should be made to support greater women's participation in all
levels of social and political life.
The years of war also led to considerable development within the
Angolan media, and particularly to the emergence of more critical
and communicative journalism (alongside partisan and bellicose
writing and broadcasting). However, while the independent press has
made significant contributions to the broadening of political
discourse, huge challenges remain if the media is to develop its
potential as a tool for democratization and peacebuilding. In
particular, there needs to be a strategic redefinition of the
media's role in a democratic society, as well as a range of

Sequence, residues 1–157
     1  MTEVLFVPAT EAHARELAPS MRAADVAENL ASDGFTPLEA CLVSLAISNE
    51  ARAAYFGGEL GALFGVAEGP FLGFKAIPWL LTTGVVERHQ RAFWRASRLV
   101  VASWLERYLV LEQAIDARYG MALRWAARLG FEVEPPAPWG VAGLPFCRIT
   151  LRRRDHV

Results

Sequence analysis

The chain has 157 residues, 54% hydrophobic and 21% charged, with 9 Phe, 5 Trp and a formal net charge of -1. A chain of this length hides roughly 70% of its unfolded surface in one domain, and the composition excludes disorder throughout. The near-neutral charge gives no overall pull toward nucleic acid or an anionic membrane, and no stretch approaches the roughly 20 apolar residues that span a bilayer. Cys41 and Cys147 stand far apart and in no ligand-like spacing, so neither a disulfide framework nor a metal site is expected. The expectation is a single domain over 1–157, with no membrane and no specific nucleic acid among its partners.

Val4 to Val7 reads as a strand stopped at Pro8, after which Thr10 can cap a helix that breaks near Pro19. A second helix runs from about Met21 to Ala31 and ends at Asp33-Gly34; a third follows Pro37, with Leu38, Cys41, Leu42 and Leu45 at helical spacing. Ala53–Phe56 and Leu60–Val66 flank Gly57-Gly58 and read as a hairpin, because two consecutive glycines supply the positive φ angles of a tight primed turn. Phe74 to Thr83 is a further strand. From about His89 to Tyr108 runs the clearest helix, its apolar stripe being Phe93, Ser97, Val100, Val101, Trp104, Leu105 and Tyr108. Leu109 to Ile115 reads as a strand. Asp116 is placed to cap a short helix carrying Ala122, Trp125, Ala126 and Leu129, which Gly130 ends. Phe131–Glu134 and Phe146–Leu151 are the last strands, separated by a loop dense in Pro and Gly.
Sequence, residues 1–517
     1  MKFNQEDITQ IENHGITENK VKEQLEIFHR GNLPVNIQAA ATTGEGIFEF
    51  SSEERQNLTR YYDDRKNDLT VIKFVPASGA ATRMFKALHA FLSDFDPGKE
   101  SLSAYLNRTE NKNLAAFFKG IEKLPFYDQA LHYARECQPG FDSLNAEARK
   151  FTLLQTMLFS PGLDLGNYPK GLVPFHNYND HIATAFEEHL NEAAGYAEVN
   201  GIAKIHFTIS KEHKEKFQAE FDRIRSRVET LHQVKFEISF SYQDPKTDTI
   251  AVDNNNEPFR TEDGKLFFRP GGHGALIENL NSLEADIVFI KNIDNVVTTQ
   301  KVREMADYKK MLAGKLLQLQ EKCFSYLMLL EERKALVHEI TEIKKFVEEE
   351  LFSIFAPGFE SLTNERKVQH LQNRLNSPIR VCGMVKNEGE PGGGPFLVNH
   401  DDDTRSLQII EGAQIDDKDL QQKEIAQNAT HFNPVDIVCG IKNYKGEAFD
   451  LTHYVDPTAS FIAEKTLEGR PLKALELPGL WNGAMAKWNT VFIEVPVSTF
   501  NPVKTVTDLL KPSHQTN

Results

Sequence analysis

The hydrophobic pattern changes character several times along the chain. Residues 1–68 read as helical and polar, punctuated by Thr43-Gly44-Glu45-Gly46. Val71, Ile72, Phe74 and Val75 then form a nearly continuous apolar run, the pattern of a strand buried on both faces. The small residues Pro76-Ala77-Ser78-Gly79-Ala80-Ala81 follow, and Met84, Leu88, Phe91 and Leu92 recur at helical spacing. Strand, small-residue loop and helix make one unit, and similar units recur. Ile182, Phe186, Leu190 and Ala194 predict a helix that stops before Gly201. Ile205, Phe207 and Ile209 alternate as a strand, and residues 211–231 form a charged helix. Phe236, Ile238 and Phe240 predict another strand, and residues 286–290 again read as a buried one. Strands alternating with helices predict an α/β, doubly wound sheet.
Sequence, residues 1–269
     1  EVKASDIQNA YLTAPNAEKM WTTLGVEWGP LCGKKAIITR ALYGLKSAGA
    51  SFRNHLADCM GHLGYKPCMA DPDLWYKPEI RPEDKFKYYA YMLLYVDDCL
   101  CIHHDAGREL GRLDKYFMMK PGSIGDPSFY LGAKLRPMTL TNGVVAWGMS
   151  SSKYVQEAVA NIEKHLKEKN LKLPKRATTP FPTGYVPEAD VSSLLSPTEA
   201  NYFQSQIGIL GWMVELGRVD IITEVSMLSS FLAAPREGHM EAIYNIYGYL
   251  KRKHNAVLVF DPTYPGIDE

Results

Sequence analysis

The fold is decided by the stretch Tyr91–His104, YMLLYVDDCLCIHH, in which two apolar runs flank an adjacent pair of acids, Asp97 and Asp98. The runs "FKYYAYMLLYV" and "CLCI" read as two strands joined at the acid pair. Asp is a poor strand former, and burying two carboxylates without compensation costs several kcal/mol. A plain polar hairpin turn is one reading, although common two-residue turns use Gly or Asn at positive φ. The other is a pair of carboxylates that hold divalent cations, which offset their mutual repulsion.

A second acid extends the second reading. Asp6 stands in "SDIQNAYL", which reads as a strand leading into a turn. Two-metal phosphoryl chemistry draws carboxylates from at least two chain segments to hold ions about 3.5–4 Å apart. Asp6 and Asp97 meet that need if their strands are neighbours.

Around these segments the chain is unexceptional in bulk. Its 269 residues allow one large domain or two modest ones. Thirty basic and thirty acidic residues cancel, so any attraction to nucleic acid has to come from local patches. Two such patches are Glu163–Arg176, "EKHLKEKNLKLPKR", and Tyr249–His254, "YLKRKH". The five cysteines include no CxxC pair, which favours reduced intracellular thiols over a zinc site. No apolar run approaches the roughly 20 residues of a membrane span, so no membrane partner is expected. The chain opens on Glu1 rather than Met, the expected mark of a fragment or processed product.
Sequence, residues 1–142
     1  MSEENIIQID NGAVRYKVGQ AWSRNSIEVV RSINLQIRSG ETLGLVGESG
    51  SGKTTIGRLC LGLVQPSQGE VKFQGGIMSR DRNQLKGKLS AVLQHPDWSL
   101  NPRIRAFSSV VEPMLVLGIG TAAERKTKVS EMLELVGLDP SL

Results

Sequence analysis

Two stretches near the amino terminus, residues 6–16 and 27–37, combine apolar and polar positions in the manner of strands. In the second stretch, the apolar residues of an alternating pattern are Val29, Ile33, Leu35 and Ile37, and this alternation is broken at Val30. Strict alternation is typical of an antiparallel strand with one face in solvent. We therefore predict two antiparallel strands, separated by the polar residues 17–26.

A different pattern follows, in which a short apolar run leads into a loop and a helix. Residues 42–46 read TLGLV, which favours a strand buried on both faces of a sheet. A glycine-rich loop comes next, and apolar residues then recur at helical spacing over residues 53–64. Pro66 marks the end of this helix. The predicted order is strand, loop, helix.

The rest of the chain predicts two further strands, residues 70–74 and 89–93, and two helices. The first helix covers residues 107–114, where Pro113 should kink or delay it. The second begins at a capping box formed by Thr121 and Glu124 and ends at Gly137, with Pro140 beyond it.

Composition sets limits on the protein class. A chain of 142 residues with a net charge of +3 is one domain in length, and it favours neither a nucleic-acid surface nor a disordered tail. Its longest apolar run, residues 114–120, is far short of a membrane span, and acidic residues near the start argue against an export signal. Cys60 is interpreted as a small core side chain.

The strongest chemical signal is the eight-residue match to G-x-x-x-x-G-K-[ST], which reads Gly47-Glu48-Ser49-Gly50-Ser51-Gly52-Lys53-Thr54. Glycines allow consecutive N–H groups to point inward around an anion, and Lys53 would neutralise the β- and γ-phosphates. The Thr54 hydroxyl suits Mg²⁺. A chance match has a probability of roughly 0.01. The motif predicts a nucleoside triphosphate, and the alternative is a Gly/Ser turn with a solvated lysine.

technical support to improve training programmes and professional
structures and ensure wider coverage outside the capital city.
Demobilization, disarmament and reintegration (DDR)
DDR arrangements for ex-combatants in Angola have been treated
largely as a military process, with insufficient attention to the
social dimensions of the transition. Although the demobilization
and disarmament has been largely judged a success by the government
and the international community, greater support is needed to
secure the long-term social reintegration of ex-combatants. Their
return to their communities of origin or their resettlement in new
environments can be a conflictual process, particularly in contexts
of poverty, unemployment and struggle for resources. Careful
attention is required to ensure sufficient support is provided to
ex-combatants, whilst at the same time providing for the
development of the whole community.
Demobilization and reintegration plans also failed to take account
of those in 'civil defence' groups who had been armed by
government. Many of these people feel they have fought legitimately
to defend their communities and are as deserving of assistance as